post-Covid world
so in the pre-Covid world typically
what happened
was a patient would go to their eye
often times it was an optometrist the
optometrist or a
comprehensive ophthalmologist and the
optometrist or ophthalmologist would say
you know i think you've got a problem
with your retina
i'm not really sure what it is you need
to see a retina person or you need to
see a pediatric ophthalmologist
the pediatric ophthalmologist would then
say well this kind of looks like it may
be an inherited rental disease so i'll
send you to an inherited rental disease
the inherited rental disease
most of us are pretty facile with
my retina tracker and so in that
situation we would say you know we
here's here's a program that we think
may benefit you and it's
and it's free so it's it's a
pretty compelling argument
the post-Covid world you know one of the
silver linings if there are any silver
linings to this catastrophe
is that we have i won't say introduced
and i won't really say
reintroduced because we didn't use it a
lot before but the whole concept of
has exploded and we've become very
good at it
a couple of days ago i had a
telemedicine consult from
somebody from tennessee who had an
inherited rental disease i asked the
i obviously i couldn't examine them at
some point
everybody with a potential inherited retina
disease needs to have an examination
but i was able to counsel them on what i
thought might be going on
and i was able to say i can have a kit
mailed to you to your home you can
spit into the tube because we know that
is present in spit you can mail it back
to the company and the DNA testing can
take place that way
and then i can hook you up with a
telegenetic consult
where the significance of all this is
explained to you
so i don't think we're ever going to
go back to the way it was completely
but it but i guess we still have a
lot of the potential for this to carry on
during the in the new Covid reality
so when a patient gets their results and
you kind of touched on this
what should they do with those results
and you also mentioned research
and then also you know clinical trials
so what does that conversation look like
once they get their results so
often times i talk to them about what
specific gene is
is problematic and i speak to them about you know number one what the
gene is
often times i'll talk about what the gene
does why it's an important part of
those 300 moving parts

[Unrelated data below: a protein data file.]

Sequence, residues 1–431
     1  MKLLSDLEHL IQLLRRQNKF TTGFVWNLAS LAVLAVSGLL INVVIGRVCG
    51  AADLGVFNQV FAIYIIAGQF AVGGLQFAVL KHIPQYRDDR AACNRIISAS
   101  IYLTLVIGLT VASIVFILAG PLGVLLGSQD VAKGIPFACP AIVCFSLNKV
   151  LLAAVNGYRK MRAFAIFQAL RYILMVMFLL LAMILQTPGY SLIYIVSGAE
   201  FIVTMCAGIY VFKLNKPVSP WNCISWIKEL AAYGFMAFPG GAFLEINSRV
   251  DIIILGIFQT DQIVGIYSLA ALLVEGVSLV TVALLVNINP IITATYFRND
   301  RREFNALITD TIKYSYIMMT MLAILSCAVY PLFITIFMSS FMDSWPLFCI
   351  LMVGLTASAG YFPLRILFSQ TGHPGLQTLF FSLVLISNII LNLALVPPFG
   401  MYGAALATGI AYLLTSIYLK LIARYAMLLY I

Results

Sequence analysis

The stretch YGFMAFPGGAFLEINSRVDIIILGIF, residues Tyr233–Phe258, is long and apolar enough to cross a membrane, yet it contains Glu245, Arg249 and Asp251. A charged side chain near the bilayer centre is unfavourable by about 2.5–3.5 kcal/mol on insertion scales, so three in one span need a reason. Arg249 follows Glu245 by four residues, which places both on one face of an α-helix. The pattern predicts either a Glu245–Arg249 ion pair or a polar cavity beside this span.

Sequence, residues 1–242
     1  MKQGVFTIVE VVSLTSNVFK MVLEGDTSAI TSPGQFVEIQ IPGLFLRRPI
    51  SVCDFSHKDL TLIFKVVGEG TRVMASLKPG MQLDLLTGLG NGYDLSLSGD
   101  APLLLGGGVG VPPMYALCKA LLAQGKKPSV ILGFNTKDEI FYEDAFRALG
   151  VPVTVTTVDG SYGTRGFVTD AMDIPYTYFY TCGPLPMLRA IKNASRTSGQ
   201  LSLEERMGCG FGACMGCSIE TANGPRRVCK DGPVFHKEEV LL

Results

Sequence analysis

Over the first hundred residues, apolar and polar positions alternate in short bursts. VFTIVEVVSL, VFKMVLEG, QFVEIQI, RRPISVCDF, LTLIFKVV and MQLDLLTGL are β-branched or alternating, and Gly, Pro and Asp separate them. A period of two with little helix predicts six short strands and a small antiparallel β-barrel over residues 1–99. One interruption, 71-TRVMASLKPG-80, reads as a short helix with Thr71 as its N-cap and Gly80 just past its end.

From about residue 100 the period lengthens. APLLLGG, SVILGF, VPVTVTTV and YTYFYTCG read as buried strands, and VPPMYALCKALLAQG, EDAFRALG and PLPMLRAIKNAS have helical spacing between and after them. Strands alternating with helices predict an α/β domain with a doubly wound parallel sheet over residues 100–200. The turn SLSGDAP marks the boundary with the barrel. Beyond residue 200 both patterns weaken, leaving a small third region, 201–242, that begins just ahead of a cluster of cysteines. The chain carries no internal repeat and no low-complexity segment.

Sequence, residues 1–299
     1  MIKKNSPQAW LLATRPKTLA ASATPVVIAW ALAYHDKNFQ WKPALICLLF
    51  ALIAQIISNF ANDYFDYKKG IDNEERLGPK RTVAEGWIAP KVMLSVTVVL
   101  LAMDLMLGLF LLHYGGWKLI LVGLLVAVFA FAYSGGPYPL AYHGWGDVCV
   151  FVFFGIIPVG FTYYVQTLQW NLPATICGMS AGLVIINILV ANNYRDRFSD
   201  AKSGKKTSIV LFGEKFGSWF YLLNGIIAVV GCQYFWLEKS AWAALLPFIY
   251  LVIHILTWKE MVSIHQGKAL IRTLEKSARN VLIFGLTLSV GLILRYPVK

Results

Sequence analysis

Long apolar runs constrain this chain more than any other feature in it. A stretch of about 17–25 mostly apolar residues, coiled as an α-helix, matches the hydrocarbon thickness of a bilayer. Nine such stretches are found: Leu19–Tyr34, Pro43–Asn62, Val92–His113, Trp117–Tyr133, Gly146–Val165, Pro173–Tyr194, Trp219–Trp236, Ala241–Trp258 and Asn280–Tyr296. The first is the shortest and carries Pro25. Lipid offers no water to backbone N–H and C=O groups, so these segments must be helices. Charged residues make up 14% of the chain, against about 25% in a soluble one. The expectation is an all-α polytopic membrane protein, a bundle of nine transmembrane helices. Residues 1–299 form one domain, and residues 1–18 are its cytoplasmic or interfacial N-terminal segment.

then i'll talk a little bit if i can
what this means for them long term how
rapid is this likely to be
sometimes the answer is very slow
sometimes the answer is quick
and sometimes the answer is i don't
really know
and then often times what we'll do is
we'll go to a website
clinicaltrials.gov and we will look to
see this is a public
government-sponsored website we will
look to see if there are clinical trials
who's doing the clinical trial is it
interventional or just observational are
we just looking at the patients
or are we treating them what's the
rationale behind the treatment
and how do we get patients enrolled in
in those clinical trials
so it's counseling as well as it's
its counseling and it's looking for
treatment options
can you just summarize for us
the importance of genetic testing i.e
the my retina tracker and the
impact that it has had on your practice
and on patient care we keep a list of
all we have a database of all the
patients that we've seen and we know
what their
specific change is so when this
RPE65 drug became available
i was able to go through our list and
say oh you know what this person
had RPE65 and we get them on the phone
and say hey guess what
we've got a treatment for you now so
there we've gone from having one
clinical trial for one disease
to probably now there are 15 to 20
different clinical trials for a variety
of different diseases
and we've got 300 to go so we got we
have a lot more to go
but you know it's it's easier for me to
go back and say
hi mrs jones i think you've got a
problem that may have a treatment
why don't you come back to see me well
thank you so much for your time today
we really appreciate it and
appreciate your service to patients
my pleasure tiff thanks